What I really think has happened is that given the years of quantitative easing, exceptionally low interest rates, low inflation, etc. what we have is a new “toolbox” and we do not know what “tools” to use in quantifying the current economic, bond market, and stock market environments.
Chapter 1 in the seminal book “The Intelligent Investor” by Benjamin Graham is titled “Investment versus Speculation"
So, we hate to keep issuing these Trading Flashes, but given the stock market action since Wednesday 7-31-19 it seems such comments are warrened.
Have we changed? Have circumstances changed? Our answer was, “Maybe.” With what the PBOC did in basically resetting the U.S. Dollar/ Renminbi exchange rate, it suggests the trade war is going to go on for a lot longer than most anticipated, including us.
Last week many traders, not investors, became “trapped” in the equity markets as most of the major averages had their worst week of the year. I wish we could say we called the downturn, but all we thought would happen was a mild pullback.
"Ich bin ein Berliner" (German pronunciation: [ˈʔɪç ˈbɪn ʔaɪn bɛɐ̯ˈliːnɐ], "I am a Berliner") is a well-known quote from a speech by United States President John F. Kennedy given on June 26, 1963, in West Berlin. It is widely regarded as the best-known speech of the Cold War and the most famous anti-communist speech.
I was talking to my friend, and 60-year stock market veteran, Jim Rivenes (Raymond James) last week and somehow, we got on the subject about Edward Thorp an individual Jim use to have as a client. It reminded me of a report I wrote in 2005. I like this report.
I entered this business in 1971 on a trading desk in New York city. Since then I have been a trade desk manager, a retail stock broker, branch manager, analyst, portfolio manager, Director of Research at five different firms, and head of Capital Markets at three firms. As such, I used to do reviews on the analysts.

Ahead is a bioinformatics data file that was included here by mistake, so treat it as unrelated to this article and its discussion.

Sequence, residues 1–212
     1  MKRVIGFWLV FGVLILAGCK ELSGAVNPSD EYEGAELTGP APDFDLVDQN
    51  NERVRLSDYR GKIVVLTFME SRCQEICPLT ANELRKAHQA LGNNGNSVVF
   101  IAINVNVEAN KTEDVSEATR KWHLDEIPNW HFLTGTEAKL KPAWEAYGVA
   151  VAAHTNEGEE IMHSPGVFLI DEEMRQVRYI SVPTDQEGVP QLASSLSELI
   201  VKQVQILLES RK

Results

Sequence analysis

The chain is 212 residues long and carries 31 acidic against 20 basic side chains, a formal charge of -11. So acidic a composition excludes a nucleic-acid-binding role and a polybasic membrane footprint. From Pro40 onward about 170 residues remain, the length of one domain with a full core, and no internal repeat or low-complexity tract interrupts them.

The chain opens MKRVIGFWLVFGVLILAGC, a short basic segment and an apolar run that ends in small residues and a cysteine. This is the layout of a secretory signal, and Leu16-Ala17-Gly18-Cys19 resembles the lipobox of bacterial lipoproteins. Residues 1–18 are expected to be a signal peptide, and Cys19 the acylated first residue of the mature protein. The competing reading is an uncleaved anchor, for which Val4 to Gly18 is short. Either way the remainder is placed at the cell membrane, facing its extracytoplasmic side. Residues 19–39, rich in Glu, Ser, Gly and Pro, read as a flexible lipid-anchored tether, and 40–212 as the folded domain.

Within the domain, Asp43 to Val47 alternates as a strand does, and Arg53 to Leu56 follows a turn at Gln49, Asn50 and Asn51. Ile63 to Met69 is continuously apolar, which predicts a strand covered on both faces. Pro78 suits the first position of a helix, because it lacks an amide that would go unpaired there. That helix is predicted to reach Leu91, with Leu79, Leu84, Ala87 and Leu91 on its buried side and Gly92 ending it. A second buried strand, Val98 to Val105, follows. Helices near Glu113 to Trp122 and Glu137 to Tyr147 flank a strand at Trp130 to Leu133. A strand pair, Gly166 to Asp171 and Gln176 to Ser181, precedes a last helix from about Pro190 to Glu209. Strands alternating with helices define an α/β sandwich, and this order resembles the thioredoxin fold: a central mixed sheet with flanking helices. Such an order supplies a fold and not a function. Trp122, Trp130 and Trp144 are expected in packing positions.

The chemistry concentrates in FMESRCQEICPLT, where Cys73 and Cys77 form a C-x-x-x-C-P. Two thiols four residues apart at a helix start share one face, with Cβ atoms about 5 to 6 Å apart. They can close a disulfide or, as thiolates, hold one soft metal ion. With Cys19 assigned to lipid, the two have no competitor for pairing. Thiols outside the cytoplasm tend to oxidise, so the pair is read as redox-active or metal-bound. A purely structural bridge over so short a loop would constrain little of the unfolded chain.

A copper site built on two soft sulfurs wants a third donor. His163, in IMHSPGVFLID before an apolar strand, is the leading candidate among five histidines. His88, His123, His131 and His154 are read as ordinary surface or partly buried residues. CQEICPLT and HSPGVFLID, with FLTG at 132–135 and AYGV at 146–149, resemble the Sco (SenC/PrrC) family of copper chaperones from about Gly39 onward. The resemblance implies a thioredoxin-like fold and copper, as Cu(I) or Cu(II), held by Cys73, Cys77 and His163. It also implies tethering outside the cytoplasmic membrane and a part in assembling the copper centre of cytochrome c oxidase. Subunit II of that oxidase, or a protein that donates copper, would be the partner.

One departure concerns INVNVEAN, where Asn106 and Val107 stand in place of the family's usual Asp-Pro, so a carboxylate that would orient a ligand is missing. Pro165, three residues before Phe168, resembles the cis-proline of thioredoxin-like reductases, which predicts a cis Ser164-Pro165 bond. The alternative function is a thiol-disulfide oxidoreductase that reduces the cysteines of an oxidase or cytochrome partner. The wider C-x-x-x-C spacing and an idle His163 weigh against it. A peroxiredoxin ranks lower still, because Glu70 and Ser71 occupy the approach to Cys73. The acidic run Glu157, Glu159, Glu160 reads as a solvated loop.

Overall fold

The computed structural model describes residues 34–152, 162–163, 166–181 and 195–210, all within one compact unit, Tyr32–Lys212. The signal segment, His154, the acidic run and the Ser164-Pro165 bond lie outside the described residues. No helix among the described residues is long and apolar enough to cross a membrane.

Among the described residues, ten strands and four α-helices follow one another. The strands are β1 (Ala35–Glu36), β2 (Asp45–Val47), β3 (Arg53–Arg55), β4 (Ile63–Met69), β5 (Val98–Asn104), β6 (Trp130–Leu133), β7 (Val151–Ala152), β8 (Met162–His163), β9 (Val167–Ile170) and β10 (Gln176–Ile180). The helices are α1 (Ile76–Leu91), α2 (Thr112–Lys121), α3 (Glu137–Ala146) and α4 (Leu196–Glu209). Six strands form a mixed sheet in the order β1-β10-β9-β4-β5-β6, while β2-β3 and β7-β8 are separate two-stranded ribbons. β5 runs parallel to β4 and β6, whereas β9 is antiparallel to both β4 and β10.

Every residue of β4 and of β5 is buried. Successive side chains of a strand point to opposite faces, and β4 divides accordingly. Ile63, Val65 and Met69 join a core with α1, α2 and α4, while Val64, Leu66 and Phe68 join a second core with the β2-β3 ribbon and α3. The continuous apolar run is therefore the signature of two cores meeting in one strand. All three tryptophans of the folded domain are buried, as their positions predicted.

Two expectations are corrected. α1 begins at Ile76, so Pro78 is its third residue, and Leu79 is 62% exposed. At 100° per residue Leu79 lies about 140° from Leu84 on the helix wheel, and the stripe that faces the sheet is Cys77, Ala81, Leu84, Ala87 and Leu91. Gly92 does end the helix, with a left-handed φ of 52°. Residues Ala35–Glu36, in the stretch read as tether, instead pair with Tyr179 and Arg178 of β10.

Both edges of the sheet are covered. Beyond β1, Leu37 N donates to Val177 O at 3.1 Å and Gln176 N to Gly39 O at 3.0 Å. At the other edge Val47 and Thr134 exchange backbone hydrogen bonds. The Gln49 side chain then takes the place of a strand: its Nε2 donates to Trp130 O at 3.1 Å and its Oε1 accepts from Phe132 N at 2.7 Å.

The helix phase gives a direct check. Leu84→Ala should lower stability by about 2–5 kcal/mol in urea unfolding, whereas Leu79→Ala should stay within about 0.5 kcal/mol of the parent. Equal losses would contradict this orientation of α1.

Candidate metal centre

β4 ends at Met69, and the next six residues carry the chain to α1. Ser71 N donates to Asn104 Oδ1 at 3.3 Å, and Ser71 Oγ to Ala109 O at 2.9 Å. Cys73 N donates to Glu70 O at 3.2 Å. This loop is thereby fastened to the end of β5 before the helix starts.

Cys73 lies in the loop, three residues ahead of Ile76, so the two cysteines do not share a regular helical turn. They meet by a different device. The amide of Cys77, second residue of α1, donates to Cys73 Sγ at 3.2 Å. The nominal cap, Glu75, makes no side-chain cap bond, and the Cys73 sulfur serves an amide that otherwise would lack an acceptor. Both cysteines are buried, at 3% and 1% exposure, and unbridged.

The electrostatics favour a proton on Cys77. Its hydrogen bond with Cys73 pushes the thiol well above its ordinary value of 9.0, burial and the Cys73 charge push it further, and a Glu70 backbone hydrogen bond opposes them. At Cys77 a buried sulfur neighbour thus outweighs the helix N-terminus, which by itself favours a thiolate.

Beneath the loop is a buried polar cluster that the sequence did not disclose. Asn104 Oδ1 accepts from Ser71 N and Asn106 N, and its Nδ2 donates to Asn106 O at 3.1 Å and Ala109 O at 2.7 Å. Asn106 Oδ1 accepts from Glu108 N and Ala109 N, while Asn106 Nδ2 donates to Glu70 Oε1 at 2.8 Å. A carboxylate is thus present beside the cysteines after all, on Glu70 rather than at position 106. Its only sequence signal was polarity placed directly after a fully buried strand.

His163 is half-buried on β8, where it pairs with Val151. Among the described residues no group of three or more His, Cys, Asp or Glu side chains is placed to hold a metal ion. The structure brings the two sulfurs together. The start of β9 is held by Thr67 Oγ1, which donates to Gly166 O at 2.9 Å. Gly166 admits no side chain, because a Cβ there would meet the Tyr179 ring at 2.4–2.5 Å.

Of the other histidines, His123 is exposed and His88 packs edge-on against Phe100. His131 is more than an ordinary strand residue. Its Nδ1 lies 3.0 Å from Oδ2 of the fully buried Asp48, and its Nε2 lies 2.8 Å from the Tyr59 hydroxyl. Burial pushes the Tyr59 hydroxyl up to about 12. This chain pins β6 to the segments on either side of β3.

Greetings from Montréal one of my favorite cities in the World. The climes here are cooler than in Florida and the weather is perfect, which is a nice respite from Florida’s heat and humidity. I am here to see some institutional accounts and speak at an event in one of my favorite restaurants on Peel Street...
Overbought means an extended price move to the upside; oversold to the downside. When price reaches these extreme levels, a reversal is possible. The Relative Strength Index (RSI) can be used to confirm a reversal.
“Don’t tell me WHAT to buy, tell me WHEN to buy” is an old stock market “saw” that has survived the test of time. The reason it’s true is because a rising tide tends to lift all ships.
This morning, however, we changed the name from The Big Chill to The Big Stall because on June 3, 2019 we issued a “Trading Flash” stating that we though a trading bottom was being formed. At the time the S&P 500 (SPX/2886.98) was trading at ~2729. Four sessions later, Thursday 6-6-19, the SPX was changing hands at 2852 and we scribed another “Trading Flash.”
Oops; as the stock market’s fore-reach carried the SPX some 50-points higher into Friday’s session.